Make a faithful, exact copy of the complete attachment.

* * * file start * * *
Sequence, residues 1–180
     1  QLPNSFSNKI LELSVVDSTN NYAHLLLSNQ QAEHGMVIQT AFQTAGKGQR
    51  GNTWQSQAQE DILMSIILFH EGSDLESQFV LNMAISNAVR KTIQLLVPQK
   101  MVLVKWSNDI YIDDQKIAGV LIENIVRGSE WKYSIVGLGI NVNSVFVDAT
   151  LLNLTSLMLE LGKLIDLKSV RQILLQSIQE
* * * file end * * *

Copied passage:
Sequence, residues 1–180
     1  QLPNSFSNKI LELSVVDSTN NYAHLLLSNQ QAEHGMVIQT AFQTAGKGQR
    51  GNTWQSQAQE DILMSIILFH EGSDLESQFV LNMAISNAVR KTIQLLVPQK
   101  MVLVKWSNDI YIDDQKIAGV LIENIVRGSE WKYSIVGLGI NVNSVFVDAT
   151  LLNLTSLMLE LGKLIDLKSV RQILLQSIQE